I bought On War, then, as additional context on Napoleon. But I soon came to appreciate von Clausewitz for his own sake, and in much the same way as I appreciate Edward Gibbon. Von Clausewitz seems to me to be a kind of eccentric, mixed in with much that has a practical application. Thus, you get curt dismissals of subjects such as the effect of weather on warfare: “Still more rarely has the weather any decisive influence, and it is mostly only by fogs that it plays a part.” Unless, of course, if you’re Spanish, you have an Armada, and there’s a sudden storm.** (It must be noted that Sun-tzu, discussing types of terrain, often includes the effects of weather in his assessments–and, indeed, on the very next page of On the Nature of War, von Clausewitz includes “frost” and other such elements of “weather” in his own thoughts on terrain.)

The reader also receives such rough elegance as:

War is, therefore, not only chameleon-like in character, because it changes its colour in some degree in each particular case, but it is also, as a whole, in relation to the predominant tendencies which are in it, a wonderful trinity, composed of the original violence of its elements, hatred and animosity, which may be looked upon as blind instinct; of the play of probabilities and chance, which make it a free activity of the soul…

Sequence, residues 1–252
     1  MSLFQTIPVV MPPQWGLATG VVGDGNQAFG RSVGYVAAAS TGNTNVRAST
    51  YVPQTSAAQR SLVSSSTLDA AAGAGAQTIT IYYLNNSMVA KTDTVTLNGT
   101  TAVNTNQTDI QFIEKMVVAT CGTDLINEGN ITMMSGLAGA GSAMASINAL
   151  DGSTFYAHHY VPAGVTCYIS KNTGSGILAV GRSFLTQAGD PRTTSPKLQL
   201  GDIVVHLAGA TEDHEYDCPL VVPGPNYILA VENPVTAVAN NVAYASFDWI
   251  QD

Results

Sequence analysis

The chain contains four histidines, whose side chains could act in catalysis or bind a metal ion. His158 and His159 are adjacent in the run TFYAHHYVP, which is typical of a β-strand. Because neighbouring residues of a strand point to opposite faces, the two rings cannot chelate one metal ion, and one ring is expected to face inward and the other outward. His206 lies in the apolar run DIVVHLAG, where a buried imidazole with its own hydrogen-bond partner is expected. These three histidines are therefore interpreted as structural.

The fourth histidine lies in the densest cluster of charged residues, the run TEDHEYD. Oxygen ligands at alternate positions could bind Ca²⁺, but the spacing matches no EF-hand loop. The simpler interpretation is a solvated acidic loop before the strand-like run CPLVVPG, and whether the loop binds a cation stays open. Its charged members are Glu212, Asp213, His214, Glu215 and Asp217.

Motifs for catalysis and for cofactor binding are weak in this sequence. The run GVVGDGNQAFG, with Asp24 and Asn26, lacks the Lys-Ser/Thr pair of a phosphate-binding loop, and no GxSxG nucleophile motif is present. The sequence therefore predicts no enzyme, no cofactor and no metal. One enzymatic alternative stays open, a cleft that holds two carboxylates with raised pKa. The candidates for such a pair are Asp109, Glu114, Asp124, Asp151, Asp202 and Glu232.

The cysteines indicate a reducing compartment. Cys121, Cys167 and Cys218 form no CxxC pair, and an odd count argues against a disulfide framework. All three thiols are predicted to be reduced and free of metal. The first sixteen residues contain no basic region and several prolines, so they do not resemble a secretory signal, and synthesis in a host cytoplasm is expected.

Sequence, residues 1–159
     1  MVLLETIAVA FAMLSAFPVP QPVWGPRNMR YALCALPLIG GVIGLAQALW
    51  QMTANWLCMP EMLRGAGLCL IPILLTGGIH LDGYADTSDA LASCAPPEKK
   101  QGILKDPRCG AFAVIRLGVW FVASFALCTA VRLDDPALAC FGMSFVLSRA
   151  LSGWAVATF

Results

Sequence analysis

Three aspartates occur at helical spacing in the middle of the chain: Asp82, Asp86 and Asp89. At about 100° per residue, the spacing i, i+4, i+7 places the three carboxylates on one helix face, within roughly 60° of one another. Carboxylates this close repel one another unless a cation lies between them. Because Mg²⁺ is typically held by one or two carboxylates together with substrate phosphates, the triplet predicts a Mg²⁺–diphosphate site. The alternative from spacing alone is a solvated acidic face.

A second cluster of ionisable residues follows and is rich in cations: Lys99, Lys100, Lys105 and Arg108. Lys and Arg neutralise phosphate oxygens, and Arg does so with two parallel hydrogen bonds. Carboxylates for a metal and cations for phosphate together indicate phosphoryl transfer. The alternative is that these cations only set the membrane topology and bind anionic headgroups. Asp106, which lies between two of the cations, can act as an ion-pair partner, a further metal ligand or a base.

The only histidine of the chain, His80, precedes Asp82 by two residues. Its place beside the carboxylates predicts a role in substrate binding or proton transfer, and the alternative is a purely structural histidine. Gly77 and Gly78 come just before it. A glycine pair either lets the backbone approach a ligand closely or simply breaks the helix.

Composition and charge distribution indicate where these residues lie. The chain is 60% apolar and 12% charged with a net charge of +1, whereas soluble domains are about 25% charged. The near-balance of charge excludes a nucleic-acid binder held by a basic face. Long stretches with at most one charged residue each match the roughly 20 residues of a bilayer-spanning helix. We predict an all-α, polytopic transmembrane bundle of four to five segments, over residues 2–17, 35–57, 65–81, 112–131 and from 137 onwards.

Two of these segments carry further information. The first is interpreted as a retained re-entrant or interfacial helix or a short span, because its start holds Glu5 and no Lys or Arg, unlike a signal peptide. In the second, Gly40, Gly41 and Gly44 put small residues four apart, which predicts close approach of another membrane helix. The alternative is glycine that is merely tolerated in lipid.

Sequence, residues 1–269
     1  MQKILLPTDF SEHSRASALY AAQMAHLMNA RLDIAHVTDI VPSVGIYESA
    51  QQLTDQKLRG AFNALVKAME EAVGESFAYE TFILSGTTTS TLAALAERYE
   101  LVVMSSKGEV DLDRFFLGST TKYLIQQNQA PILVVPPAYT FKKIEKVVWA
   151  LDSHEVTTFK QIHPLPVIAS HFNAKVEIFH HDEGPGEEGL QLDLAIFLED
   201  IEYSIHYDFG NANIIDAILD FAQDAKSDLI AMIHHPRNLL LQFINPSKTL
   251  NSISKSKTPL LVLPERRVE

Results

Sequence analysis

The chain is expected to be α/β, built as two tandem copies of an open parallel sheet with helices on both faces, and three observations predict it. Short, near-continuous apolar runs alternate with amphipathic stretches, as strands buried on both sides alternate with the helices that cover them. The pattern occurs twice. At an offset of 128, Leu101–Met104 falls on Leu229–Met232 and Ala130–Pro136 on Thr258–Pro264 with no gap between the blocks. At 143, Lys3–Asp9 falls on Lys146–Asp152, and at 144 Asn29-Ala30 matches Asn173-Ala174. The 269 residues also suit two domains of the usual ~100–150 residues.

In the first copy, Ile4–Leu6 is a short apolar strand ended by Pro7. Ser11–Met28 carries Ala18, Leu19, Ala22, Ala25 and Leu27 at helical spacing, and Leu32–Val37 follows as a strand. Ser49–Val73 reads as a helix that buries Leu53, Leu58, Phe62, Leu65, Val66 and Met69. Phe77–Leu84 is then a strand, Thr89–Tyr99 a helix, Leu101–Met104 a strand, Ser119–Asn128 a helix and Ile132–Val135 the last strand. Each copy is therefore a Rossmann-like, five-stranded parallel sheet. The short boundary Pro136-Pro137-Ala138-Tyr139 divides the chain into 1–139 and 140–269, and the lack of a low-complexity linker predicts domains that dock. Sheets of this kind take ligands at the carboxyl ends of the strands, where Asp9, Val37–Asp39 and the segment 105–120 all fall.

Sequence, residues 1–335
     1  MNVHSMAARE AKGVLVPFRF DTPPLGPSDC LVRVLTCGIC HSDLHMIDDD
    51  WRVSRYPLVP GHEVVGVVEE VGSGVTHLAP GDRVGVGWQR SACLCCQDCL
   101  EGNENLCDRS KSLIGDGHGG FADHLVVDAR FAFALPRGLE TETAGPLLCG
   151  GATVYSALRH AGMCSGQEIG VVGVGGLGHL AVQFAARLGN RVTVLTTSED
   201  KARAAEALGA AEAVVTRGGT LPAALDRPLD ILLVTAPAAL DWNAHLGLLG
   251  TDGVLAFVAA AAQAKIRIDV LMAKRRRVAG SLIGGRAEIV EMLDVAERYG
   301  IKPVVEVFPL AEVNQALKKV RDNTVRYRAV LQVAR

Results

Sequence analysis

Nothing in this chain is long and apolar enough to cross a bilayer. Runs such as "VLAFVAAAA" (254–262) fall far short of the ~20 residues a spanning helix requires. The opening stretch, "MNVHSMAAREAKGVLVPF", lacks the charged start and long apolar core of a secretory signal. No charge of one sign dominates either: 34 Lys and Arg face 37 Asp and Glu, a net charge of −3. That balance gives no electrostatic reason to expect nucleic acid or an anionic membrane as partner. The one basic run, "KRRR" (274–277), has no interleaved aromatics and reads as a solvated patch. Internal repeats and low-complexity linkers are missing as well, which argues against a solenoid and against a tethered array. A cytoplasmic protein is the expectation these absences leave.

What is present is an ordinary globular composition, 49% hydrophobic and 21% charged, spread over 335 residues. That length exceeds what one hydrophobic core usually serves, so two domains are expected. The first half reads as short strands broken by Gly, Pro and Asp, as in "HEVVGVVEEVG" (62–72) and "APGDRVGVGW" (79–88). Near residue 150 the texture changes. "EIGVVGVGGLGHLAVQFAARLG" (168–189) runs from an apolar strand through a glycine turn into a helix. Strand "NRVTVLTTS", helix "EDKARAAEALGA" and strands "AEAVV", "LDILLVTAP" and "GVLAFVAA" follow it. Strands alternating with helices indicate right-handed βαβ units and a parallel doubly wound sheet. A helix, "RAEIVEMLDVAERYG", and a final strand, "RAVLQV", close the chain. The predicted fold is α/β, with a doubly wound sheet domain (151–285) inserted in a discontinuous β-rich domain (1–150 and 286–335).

You won’t find anything like that in Machiavelli or Sun-tzu. There’s a real enthusiasm for war in von Clausewitz that is bracing and genuine–even more so when he’s dispassionate (which strangely reads here like a form of passion rather than its negation). The text may at times seem blood-thirsty to a modern reader, but to me it seems appropriate. If you are going to enter into something as devastating as war, then you should prosecute that war with the enthusiasm that comes from wanting to do something well. Half-measures and regrets only kill more people.

However, von Clausewitz does also contain echoes of Sun-tzu, and some of the same subtle qualities–for example, when he discusses causes of suspension of action on one side or another. “A complete equilibrium of forces can never produce a suspension of action,” von Clausewitz writes, “for during this suspension he who has the positive object (that is, the assailant) must continue progressing; for if we should imagine an equilibrium in this way, that he who has the positive object, therefore the strongest motive, can at the same time only command the lesser means…” In his continuing description of forces teetering on the edge of conflict, and a kind of push-me pull-me idea of shared momentum, he begins to evoke The Art of War‘s chapter “Empty and Full,” in which Sun-tzu writes, “The Skilful Warrior stirs and is not stirred. He lures his enemy into coming or obstructs him from coming.”